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Review: Nerds Strike Back!
I was just searching for my own name on The Daily Click to improve my ego (which is already at huge proportions because some people have actually begun to leave comments on my songs) that I discovered that I was mentioned in the description, and my laptop had had special considerations taken for it, elderly and infirm as it is. Having discovered that, I thought it would only be polite to review it (and the fruit basket may or may not come later, Ashman).
What we have here, anyway, is a classic nerdy puzzle game, similar to the ancient "Chip's Challenge" - actually, that's just a guess, really, as I've never played it myself. You have to guide your nerd past deadly obstacles such as spikes and falling platforms by using various sliding blocks, bombs, and so on, strewn around the level. No documentation is provided, but everything you need is in the description on TDC, so pay attention to that.
Let's go back a bit and have a word about the title screen - rather than smoothly sliding on to the screen at both sides, the formulae appear at the right then slide off. This was probably intentional, but it does look a little strange.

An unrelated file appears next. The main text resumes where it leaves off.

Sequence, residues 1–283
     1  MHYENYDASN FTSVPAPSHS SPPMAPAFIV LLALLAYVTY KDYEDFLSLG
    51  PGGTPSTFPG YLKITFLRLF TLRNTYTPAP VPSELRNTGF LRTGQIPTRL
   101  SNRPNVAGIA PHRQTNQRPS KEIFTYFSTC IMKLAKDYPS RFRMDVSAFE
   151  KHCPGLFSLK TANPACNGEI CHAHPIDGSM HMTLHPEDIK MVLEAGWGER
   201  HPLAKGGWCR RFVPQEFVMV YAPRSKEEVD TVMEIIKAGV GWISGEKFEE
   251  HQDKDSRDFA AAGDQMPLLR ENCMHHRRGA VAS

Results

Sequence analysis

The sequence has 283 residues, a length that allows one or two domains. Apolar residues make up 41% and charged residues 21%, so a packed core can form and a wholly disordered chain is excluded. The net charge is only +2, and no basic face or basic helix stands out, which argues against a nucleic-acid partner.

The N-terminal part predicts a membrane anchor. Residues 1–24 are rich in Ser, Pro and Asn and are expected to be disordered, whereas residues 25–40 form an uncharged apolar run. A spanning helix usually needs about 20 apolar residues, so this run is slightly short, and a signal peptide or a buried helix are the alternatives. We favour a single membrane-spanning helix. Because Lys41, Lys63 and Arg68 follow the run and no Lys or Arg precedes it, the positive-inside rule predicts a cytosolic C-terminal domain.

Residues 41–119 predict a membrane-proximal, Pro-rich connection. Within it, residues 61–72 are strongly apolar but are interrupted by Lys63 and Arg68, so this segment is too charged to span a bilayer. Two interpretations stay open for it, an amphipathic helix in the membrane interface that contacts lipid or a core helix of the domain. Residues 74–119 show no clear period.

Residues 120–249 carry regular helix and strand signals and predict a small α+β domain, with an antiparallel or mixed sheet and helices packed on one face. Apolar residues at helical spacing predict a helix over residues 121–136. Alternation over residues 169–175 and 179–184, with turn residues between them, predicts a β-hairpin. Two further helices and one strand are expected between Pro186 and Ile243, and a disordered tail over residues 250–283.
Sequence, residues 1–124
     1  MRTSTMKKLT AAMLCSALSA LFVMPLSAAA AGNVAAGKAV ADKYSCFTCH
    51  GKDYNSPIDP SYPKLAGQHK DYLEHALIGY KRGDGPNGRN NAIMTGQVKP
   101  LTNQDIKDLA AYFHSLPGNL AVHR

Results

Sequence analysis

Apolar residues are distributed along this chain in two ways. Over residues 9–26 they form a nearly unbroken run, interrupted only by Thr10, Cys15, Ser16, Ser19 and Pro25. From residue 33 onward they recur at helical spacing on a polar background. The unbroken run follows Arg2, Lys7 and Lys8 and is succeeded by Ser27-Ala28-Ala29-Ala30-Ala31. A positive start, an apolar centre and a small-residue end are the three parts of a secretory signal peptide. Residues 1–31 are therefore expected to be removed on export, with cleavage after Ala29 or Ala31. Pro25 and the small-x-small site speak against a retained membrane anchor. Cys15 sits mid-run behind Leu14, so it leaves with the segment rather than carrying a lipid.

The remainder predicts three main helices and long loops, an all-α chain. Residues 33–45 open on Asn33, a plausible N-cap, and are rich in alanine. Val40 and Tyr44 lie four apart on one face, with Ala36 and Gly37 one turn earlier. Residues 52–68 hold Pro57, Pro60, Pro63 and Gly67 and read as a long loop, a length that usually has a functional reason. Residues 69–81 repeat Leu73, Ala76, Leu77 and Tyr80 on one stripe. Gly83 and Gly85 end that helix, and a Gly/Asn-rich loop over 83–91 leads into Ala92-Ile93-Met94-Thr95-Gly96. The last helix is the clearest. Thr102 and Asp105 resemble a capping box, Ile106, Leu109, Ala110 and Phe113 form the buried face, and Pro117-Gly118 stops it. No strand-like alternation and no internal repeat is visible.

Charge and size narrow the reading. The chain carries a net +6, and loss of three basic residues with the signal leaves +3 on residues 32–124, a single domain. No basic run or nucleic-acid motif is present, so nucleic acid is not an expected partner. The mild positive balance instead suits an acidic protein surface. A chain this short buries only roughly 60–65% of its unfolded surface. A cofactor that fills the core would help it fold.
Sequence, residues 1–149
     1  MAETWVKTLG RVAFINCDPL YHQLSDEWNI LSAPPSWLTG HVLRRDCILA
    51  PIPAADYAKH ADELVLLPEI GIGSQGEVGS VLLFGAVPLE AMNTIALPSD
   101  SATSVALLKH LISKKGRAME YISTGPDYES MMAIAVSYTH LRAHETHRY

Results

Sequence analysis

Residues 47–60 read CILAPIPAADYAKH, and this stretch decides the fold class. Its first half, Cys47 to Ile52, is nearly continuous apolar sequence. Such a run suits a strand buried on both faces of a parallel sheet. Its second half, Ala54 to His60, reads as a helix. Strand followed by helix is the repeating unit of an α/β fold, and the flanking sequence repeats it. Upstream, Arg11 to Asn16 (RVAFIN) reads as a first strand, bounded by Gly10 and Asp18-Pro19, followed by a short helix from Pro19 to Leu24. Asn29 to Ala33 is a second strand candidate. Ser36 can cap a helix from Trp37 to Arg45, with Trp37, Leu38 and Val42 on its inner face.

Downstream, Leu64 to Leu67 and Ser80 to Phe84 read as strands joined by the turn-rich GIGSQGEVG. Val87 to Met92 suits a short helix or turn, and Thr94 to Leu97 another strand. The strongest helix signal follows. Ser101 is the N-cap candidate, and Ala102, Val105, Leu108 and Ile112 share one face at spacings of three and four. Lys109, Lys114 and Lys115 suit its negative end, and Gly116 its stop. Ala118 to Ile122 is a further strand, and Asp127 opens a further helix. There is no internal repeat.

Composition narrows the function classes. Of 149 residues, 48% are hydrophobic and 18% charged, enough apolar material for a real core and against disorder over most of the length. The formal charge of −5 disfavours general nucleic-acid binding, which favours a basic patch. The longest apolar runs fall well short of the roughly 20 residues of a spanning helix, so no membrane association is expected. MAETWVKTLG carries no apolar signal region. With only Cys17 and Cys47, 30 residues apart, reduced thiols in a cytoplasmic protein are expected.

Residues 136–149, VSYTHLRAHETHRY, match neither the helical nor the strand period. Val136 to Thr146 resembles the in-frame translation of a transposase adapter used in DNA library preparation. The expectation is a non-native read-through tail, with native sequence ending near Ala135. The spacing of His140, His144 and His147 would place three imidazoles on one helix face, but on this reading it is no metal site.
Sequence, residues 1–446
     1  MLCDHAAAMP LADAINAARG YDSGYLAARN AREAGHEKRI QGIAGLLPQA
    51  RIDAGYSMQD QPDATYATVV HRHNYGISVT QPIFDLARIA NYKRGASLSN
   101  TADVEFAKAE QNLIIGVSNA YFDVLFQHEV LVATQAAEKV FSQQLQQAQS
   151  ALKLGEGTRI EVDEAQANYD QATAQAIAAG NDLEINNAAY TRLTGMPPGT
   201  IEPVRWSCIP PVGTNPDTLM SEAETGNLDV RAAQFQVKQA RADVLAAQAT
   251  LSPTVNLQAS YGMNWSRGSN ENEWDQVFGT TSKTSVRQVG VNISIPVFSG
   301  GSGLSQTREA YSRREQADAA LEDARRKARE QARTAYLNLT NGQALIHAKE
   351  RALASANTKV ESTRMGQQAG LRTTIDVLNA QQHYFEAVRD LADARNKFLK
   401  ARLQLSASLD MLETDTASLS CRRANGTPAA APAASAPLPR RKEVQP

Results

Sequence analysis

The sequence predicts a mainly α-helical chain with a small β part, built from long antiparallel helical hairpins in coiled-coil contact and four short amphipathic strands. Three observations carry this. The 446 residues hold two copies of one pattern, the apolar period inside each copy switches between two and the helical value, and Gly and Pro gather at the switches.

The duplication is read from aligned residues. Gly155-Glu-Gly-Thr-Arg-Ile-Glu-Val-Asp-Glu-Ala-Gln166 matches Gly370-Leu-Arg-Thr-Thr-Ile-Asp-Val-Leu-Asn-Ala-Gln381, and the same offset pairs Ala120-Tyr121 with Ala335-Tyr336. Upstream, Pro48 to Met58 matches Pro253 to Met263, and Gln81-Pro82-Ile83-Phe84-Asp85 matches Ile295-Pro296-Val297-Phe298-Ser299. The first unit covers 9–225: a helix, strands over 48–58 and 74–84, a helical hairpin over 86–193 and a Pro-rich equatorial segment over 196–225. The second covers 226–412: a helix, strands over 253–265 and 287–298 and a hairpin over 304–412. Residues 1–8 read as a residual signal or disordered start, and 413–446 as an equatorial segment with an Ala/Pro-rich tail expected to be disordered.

The graphics are well drawn, but rather small for the most part. This really serves to give it the feel of an old Windows 3.1 game rather than being especially difficult to see, though (remember those Micro games?) Those walls get a bit samey after a while, though.
The engine that's used for the game is based on grid movement, as you would expect from a game like this. It never feels sluggish, though. The game starts off gently enough, but gets progressively harder, even by the third level. Each of the stages is very well thought out and implemented, though, which gives just the right frustration level.
The music is another good point of the game, very puzzle-game-like. (Well, what else can I say?) Well done to both Circy and Ashman for that.
There are a couple of bugs, though - for example, the fan on the fourth level doesn't blow you away even when it's turned on. That was really the only oversight that I saw in the game. I'm not really sure what the value of having finite lives in a puzzle game like this is, either. Otherwise, it's a very enjoyable and taxing game.
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David Newton (DavidN)